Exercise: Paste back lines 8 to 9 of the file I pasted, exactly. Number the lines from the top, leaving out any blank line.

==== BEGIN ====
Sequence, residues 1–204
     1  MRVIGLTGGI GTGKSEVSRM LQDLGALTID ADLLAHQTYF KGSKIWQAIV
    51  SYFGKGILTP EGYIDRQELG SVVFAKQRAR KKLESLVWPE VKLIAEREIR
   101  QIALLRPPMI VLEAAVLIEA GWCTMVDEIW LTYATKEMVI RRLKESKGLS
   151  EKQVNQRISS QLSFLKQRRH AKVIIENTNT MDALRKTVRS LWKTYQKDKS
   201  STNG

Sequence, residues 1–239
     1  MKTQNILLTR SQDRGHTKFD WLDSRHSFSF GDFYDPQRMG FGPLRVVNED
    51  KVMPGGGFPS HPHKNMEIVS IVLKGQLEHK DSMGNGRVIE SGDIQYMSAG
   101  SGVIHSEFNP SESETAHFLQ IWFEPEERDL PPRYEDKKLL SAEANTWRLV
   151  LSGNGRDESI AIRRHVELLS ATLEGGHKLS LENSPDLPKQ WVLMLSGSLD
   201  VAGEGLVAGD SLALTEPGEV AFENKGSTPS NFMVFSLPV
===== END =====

     1  MKTQNILLTR SQDRGHTKFD WLDSRHSFSF GDFYDPQRMG FGPLRVVNED
    51  KVMPGGGFPS HPHKNMEIVS IVLKGQLEHK DSMGNGRVIE SGDIQYMSAG